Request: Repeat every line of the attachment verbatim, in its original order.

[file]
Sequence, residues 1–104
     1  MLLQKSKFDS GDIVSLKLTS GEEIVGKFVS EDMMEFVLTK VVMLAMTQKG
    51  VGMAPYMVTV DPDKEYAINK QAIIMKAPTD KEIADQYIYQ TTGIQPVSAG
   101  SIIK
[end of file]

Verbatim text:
Sequence, residues 1–104
     1  MLLQKSKFDS GDIVSLKLTS GEEIVGKFVS EDMMEFVLTK VVMLAMTQKG
    51  VGMAPYMVTV DPDKEYAINK QAIIMKAPTD KEIADQYIYQ TTGIQPVSAG
   101  SIIK